While doing my daily routine of locking up my bicycle at a train stop prior to getting on the train, I consciously noticed an inefficiency,analyzed the reason for it, found it wanting, and corrected it. Previously I have only done this after “sitting down and thinking for five minutes” i.e. setting a timer and writing out logical conclusions in pursuit of a pre-stated goal. I have two U-locks which look different, and two keys which look the same. For a while I marked one of them a different color in order to distinguish them, but the marking wears off within weeks and I’ve abandoned this approach, instead I just try one key at a time, for a usual maximum of two tries per key (three if I used the wrong angle with the first key). This happens every weekday and most weekends, twice or more per day. I noticed myself doing this and asked “why?”. The answer is that so that when I need to lend someone my lock set, it is easy to hand them both over at once because both keys are on the same keyring. But this is an infrequent occurrence. I was optimizing for the wrong thing. So now the keys are on different keyrings of my pocket keyring chain, because while markings wear off, position will stay static unless the metal breaks.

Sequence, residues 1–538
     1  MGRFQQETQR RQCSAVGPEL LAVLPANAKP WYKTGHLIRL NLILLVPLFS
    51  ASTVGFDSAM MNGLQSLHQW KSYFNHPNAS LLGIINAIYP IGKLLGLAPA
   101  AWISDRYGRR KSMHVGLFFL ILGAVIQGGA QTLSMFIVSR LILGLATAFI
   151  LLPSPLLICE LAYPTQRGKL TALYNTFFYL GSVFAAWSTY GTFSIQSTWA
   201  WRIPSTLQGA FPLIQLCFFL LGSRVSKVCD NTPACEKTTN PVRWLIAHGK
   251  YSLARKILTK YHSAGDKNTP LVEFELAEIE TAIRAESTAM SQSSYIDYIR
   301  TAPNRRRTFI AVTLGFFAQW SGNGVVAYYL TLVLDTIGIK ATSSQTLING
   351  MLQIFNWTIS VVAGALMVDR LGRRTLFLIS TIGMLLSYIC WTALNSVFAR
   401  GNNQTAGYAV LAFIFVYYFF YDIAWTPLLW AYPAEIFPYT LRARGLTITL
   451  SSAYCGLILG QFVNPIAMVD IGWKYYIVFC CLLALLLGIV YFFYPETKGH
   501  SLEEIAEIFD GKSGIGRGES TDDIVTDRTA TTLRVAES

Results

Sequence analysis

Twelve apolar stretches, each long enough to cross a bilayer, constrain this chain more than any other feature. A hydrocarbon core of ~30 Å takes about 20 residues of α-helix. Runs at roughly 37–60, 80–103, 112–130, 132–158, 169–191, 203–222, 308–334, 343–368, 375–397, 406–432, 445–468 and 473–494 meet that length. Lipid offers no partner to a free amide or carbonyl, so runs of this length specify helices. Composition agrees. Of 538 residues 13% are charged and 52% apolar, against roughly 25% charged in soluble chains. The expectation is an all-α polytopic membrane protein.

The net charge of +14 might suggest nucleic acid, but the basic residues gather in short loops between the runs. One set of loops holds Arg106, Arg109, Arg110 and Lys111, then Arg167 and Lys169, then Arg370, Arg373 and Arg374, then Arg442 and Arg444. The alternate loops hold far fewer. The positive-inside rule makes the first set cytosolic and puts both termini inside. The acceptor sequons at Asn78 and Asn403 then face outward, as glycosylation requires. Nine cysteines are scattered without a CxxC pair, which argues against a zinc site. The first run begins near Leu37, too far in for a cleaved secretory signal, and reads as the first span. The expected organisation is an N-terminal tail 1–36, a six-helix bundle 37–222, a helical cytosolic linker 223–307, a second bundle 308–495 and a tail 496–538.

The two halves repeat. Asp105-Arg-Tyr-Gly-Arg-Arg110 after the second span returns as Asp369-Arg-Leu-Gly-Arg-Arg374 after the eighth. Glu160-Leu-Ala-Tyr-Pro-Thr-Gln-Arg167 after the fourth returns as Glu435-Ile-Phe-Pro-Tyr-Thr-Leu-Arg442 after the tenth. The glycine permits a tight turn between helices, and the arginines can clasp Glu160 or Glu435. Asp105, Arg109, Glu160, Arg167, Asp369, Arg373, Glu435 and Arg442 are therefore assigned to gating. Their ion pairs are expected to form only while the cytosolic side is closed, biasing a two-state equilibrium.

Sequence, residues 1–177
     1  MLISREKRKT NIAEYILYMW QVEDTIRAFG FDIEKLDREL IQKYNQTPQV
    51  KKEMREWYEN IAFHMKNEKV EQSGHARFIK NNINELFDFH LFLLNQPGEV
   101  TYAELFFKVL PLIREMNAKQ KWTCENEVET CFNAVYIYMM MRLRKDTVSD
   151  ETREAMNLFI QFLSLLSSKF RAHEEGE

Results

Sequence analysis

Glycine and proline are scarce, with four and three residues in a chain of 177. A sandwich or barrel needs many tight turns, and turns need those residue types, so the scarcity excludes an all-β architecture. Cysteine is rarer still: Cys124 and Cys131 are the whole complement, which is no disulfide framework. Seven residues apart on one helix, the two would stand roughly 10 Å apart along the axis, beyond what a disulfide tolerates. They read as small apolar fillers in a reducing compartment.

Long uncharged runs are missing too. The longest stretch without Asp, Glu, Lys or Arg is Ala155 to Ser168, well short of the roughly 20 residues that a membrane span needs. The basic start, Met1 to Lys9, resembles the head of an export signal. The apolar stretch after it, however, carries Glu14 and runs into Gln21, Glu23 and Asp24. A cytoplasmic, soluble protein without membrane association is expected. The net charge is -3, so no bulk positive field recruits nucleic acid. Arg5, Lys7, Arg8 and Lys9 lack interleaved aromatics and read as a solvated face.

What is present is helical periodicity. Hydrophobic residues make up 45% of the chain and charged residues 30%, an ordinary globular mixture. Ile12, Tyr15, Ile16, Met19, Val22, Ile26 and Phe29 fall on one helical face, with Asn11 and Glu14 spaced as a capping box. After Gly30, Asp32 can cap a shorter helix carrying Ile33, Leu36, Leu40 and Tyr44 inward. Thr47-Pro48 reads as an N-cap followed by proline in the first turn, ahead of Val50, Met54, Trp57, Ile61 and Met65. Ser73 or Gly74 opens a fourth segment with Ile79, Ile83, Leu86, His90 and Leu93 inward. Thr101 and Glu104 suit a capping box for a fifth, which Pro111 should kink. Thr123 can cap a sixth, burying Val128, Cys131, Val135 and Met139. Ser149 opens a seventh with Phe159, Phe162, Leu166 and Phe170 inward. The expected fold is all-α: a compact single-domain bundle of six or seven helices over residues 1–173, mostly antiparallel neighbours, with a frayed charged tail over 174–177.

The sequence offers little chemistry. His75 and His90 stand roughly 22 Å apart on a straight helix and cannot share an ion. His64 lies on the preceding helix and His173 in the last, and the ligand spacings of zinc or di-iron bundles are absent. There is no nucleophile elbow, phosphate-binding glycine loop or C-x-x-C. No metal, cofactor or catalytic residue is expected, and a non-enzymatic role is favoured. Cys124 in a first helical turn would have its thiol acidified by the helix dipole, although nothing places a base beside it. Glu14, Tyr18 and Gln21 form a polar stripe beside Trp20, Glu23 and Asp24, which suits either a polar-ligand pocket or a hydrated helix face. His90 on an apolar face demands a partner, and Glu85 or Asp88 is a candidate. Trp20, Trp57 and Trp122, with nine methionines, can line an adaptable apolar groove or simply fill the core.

Kudos for your reoptimization!
I wonder if there’s something like that which I have optimized for a low-value convenience. I have a backpack and a purse which serve almost equivalent purposes and I keep moving things between them when I have a need that requires the other bag. It happens about 2-3 times a week. I’ll often need the first bag again right after, and I won’t have it. I was optimizing for not having to carry multiple things, but perhaps I should keep the purse as a consistent subset even if it will take up more space in the backpack.